In a scathing editorial in the Chicago Tribune</em>, the cost of the Madigan-Cullerton “petulance” on pension fund reform becomes clear:
We can’t fully quantify the enormous expenses that their unshamed petulance and gridlock foist on those taxpayers. We can, though, connect the damaging dots:
Illinois — its people and its government — thrives when rising numbers of businesses and workers lavish income and sales taxes on Springfield. Madigan and Cullerton give lip service to all of that. But when blinded by mutual rivalries and resentments worthy of a high school pom squad, the two Chicago Democrats might as well deface the “Welcome” signs on Illinois’ state lines with the hostile message its political swells project: “Keep Out!”
Not long ago we asked a major commercial lender whether potential employers talk about the financial risks of locating or expanding in Illinois, given the depth of its debts, the fecklessness of its pols and the likelihood that tax burdens here will continue to metastasize. He murmured helplessly: “They all talk about it.”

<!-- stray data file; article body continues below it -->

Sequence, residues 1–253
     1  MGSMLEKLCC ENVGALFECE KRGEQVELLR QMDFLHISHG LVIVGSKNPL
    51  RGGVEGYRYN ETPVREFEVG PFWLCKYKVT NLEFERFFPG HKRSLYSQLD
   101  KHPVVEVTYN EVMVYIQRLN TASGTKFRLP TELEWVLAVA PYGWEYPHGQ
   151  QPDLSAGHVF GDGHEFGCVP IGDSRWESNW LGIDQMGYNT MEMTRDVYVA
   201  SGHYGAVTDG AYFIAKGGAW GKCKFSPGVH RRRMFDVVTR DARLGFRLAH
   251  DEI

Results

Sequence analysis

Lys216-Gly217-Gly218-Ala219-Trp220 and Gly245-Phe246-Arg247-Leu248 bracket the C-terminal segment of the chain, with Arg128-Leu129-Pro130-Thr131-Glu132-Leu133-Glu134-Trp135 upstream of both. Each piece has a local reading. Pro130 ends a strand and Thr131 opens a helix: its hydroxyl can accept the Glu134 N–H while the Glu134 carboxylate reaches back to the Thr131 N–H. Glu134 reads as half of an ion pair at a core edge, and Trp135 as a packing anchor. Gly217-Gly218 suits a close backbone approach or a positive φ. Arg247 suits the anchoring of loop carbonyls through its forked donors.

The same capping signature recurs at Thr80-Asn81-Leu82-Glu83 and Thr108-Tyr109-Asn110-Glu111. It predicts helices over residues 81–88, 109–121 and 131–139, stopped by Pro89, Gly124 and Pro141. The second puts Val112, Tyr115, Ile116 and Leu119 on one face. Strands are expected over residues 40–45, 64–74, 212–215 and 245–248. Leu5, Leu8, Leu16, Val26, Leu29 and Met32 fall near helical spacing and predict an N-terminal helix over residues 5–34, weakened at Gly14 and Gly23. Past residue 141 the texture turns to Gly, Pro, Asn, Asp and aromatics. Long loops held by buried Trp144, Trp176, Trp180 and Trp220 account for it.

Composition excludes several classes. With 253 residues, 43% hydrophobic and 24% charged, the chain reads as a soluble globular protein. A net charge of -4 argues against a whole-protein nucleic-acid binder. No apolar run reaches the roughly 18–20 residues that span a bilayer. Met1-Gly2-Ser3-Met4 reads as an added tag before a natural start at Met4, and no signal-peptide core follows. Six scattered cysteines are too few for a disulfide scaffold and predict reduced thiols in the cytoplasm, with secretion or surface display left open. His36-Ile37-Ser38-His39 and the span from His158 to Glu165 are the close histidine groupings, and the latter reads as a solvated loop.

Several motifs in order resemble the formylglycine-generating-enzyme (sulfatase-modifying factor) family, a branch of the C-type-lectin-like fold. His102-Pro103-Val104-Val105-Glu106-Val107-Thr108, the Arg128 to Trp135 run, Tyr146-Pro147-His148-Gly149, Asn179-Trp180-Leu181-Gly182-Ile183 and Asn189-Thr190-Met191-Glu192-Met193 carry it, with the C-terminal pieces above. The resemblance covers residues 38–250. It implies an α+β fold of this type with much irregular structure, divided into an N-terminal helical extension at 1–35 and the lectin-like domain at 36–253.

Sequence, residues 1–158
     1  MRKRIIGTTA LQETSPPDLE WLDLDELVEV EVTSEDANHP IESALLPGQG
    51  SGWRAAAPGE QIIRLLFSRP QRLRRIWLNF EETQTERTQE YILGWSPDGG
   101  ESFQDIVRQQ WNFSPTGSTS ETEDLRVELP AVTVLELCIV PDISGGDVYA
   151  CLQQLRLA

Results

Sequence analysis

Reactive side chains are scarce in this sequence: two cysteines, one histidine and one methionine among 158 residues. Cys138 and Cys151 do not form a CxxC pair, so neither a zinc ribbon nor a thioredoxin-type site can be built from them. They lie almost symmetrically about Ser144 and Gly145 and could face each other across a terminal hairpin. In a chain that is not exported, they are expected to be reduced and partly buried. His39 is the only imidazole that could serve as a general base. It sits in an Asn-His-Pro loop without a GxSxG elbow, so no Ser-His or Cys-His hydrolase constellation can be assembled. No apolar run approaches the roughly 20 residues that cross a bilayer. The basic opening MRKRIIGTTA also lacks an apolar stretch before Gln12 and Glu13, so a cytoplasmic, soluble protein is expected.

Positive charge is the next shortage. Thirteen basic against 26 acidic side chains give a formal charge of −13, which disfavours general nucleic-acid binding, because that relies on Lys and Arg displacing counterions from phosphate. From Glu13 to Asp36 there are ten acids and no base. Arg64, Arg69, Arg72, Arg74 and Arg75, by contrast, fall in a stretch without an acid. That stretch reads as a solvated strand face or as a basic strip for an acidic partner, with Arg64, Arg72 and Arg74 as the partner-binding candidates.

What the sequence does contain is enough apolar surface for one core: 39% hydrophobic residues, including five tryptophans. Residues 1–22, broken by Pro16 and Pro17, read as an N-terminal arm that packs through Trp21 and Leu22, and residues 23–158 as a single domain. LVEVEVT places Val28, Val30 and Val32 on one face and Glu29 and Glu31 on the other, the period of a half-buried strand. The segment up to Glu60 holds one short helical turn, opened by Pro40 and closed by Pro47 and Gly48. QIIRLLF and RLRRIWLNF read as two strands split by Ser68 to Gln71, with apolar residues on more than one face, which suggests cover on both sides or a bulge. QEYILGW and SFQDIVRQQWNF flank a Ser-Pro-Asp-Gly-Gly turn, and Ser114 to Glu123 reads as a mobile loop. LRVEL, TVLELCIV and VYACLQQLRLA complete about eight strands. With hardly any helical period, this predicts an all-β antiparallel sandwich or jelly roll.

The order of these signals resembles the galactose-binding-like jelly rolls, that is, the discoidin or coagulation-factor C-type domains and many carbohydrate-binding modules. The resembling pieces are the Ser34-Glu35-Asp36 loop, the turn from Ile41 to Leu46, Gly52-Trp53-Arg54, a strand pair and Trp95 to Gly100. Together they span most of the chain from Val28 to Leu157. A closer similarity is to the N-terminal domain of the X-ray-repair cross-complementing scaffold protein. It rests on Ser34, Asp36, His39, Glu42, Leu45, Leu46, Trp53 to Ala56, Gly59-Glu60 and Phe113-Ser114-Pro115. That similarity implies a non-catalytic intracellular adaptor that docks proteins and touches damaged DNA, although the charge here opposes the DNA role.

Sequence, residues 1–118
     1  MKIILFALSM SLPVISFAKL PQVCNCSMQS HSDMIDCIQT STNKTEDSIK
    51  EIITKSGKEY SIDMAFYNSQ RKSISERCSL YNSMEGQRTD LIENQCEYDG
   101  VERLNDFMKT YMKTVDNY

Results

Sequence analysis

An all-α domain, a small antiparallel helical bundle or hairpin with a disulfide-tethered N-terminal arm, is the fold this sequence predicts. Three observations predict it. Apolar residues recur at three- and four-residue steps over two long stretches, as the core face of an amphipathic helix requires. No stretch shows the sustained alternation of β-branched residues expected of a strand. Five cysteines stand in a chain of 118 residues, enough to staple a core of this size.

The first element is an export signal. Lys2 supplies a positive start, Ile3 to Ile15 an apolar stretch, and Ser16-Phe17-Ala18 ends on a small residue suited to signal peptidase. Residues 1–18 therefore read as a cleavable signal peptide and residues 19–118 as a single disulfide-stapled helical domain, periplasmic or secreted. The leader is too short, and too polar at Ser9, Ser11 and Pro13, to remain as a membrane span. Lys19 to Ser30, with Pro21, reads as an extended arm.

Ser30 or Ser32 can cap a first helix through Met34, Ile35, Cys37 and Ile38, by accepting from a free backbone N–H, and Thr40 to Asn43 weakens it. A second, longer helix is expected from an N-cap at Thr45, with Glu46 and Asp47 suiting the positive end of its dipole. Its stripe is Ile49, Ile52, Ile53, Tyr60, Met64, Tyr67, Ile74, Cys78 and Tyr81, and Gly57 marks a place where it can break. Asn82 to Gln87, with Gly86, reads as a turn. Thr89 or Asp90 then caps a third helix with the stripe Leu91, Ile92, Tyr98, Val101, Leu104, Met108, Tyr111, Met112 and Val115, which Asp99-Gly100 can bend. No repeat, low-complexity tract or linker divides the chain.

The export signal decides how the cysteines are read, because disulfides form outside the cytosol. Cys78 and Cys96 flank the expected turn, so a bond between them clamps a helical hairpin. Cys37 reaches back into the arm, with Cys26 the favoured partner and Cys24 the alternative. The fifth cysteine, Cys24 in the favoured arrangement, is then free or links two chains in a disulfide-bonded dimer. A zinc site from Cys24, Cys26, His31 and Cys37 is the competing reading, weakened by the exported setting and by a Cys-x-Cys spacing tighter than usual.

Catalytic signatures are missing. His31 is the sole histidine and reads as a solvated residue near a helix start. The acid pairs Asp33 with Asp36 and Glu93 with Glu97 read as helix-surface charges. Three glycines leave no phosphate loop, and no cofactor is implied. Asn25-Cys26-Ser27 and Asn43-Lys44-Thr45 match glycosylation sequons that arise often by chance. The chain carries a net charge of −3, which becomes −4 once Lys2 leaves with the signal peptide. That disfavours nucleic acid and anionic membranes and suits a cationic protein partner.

The unions are refusing any compromise that reduces benefits now, or in the future, which is making a mockery of the very idea of “reform.” Quite simply, you can’t get there from here and as long as the unions continue to put up roadblocks to meaningful pension fund reform, the unfunded liability problem in Illinois and elsewhere will only continue to grow.